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Year : 2016  |  Volume : 4  |  Issue : 3  |  Page : 50-56

Comparison between cone-beam computed tomography and direct digital intraoral imaging for the diagnosis of periapical pathology

1 Department of Oral Medicine and Radiology, Faculty of Dentistry, Jamia Milia Islamia, New Delhi, India
2 Department of Oral Medicine and Radiology, S.D.M. College of Dental Sciences and Hospital, Dharwad, Karnataka, India

Correspondence Address:
Arpita Rai
Department of Oral Medicine and Radiology, Faculty of Dentistry, Jamia Milia Islamia, New Delhi
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Source of Support: None, Conflict of Interest: None

DOI: 10.4103/2321-3841.196346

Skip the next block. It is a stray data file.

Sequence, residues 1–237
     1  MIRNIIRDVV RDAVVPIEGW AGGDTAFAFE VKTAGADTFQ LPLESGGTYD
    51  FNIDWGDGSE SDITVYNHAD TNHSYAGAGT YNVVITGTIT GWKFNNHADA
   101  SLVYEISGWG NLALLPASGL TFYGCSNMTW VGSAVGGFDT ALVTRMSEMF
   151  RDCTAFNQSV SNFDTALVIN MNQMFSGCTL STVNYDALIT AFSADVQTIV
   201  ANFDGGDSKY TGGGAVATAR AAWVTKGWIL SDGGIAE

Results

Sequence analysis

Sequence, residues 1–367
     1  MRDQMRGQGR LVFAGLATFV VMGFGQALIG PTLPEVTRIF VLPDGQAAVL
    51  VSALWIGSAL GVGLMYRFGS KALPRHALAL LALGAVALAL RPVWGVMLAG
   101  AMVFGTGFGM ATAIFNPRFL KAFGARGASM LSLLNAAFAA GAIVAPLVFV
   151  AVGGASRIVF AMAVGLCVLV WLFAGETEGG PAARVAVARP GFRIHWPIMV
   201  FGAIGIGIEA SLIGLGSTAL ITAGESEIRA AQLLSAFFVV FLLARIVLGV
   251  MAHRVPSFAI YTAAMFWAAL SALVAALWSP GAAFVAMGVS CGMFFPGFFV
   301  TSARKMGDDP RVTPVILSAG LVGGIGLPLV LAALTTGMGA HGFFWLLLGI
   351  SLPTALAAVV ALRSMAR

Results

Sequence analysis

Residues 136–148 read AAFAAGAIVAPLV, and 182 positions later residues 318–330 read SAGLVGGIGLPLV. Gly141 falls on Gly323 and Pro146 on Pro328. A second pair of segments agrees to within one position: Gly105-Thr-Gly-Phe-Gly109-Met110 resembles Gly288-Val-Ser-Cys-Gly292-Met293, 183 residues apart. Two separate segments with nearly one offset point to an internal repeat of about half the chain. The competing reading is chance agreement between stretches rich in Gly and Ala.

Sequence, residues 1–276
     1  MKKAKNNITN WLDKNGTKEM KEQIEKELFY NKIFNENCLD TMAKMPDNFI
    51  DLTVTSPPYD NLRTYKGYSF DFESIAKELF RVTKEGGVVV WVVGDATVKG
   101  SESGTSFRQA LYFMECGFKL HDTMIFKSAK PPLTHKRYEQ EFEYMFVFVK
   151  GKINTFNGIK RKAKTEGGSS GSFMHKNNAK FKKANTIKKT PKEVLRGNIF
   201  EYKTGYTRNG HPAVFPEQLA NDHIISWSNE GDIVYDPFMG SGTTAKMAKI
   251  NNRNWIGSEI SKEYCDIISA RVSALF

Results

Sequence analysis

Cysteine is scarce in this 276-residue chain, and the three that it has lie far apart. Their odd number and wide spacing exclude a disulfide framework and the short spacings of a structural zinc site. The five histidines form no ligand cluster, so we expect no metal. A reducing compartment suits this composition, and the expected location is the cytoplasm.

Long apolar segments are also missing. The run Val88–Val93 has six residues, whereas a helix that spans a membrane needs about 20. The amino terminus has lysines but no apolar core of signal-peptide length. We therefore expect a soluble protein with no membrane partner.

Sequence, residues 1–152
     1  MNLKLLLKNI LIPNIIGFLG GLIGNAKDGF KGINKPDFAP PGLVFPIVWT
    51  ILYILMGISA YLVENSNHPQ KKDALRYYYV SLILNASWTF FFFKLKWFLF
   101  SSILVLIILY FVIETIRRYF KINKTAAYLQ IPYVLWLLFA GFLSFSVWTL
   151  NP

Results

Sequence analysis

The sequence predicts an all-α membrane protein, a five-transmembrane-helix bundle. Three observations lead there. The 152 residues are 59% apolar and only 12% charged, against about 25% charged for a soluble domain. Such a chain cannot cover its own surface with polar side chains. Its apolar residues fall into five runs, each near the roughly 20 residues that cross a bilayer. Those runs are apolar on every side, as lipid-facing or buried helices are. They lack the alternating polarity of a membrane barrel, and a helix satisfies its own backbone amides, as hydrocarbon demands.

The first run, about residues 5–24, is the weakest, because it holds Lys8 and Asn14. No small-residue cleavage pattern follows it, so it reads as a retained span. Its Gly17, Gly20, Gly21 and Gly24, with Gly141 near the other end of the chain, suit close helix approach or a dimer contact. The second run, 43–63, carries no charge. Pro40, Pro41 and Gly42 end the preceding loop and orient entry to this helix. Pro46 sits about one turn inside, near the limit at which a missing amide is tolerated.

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Purpose: Early precise evaluation of periapical inflammatory lesions is necessary not only for diagnosis but also for treatment and follow-up. This study was performed to compare direct digital intraoral periapical images with three-dimensional (3D) images acquired from cone-beam computed tomography (CBCT) for the diagnosis and treatment planning of periapical pathology. Materials and Methods: Sixty teeth with clinical and/or radiographic evidence of periapical pathology were examined with direct digital imaging (DDI) and CBCT technique. Both the image dataset were evaluated by three oral radiologists. Numbers of roots and root canals, presence and location of periapical lesions, size of the lesion, root resorption and root fracture, and relation of the lesion to cortical bone and neighboring structures were studied. Cone-beam computed tomography periapical Index (CBCTPAI) was used and the values were compared using Wilcoxon-matched pairs test. The scores obtained for the 5-point scale for presence/absence of periapical lesion were also compared using Wilcoxon-matched pairs test. Results: Among 60 teeth, both the techniques demonstrated periapical lesions in 52 teeth, and an additional 5 teeth were found to have periapical lesions in the CBCT images. In regards to individual roots, 67 lesions were found in both the techniques, and 33 more roots were found to have lesions in CBCT images. Statistical analysis showed significant difference in both the imaging modalities for ascertaining the presence or absence of lesion on the 5-point scale and significant difference between DDI and CBCT in relation to the CBPAI scores. Conclusions: A high-resolution 3D technique can be of value for diagnosis of periapical problems, especially for multirooted teeth. CBCT is a promising technology for the diagnosis and management of periapical pathology.

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